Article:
Sanford removes Trayvon Martin memorial, outraging some activists

Less than a week after Trayvon Martin's shooting death, community members built a memorial outside the gated neighborhood where he died, leaving laminated photos, silk flowers and other trinkets in the grass as a tribute to the slain teen. 

Then it rained. The grass grew. Teddy bears rotted.

Residents started complaining, officials said, that the memorial defined their neighborhood. They called it an eyesore.

The city of Sanford let the memorial stand for more than four months. But Monday, Sanford employees boxed up the tribute and carted the items to the city museum. Now they're in storage, with a display date “to be determined,” City Manager Norton Bonaparte said. (Other city officials say  the items are too ratty to be displayed.)

“It had gotten incredibly shabby. It just looked horrible,” said Patty Mahany, a city commissioner whose district includes the subdivision where Martin died. “It was no longer a fitting memorial.”

The move has prompted anger among black community leaders who say dismantling the tribute to Martin is the same as scrubbing the shooting from history.

Martin died Feb. 26 after being shot  by neighborhood watch volunteer George Zimmerman. The fact that Zimmerman wasn't initially arrested resulted in protests across the nation, the later firing of the Sanford police chief and a Justice Department investigation.

Eventually, a special prosecutor was assigned to the case, and Zimmerman was charged with second-degree murder. He was released from jail Friday after posting bond for the second time. He has said he shot Martin in self-defense after Martin attacked him.

“It’s more of a psychological thing,” said Vera June, the legal advisor for the Concerned Citizens of Sanford, the group that first organized the curbside tribute. “With the memorial gone, people will try to forget what happened.”

That’s partly the goal, Mahany said.  The members of nearby gated communities and the parents of children at the elementary school across the street said they've looked long enough at a daily reminder of death.

“At some point, you’ve got to give it up and move forward,” Mahany said.

Concerned Citizens erected the memorial after the Martin family contacted them a few days after the shooting, said Francis Oliver, the curator of a black history museum in Sanford. The group kept the area maintained, making sure the memorial stayed on private land or in the right-of-way for traffic on bordering Oregon Avenue.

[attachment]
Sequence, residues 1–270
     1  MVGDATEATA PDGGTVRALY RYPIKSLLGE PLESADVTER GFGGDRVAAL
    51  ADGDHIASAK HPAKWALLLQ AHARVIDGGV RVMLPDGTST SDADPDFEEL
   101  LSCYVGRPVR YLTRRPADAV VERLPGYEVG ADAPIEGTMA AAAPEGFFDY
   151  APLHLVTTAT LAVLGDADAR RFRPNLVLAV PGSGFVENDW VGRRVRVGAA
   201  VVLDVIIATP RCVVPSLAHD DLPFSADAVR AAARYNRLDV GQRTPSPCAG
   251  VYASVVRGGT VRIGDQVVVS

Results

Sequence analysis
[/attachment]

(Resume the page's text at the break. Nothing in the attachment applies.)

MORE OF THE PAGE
No one was informed that the memorial would be taken down, Oliver said.

But Bonaparte said in an email that the plans were indeed announced. A city staff member contacted Benjamin Crump, an attorney for the Martin family, to brief them on the plans to dismantle the memorial, Bonaparte said. The city offered to let the family keep any items.

“I think he is trying to make the right calls and do the right thing,” June said of Bonaparte. “Sometimes you get things wrong.”

But no one seems to agree on what the right calls are.

Concerned Citizens met with Bonaparte to request that the items be put back, June said. The city will notify them by Monday. Concerned Citizens said it would like for the teddy bears, flowers and crosses to remain in place until the one-year anniversary of Martin’s death.

Failing that, she said, the tribute could go to the Goldsboro Museum in a historically black area of Sanford – a fitting location to remember an event that stirred a nationwide discussion on race.

“I told them no, because he did not die here,” Goldsboro curator Francine Oliver said, adding that she wants the items returned to their original location. “He wasn’t even from Sanford. Why would I put it in the Goldsboro? Why would I even put it in the Sanford Museum?”

The city chose the Sanford Museum because it is the only museum that it  controls, Bonaparte said. The museum houses exhibits on the city and its founder, Henry Sanford, including his collection of artwork, books and manuscripts.

The most appropriate permanent memorial, June said, would be an educational exhibit on race and violence.  


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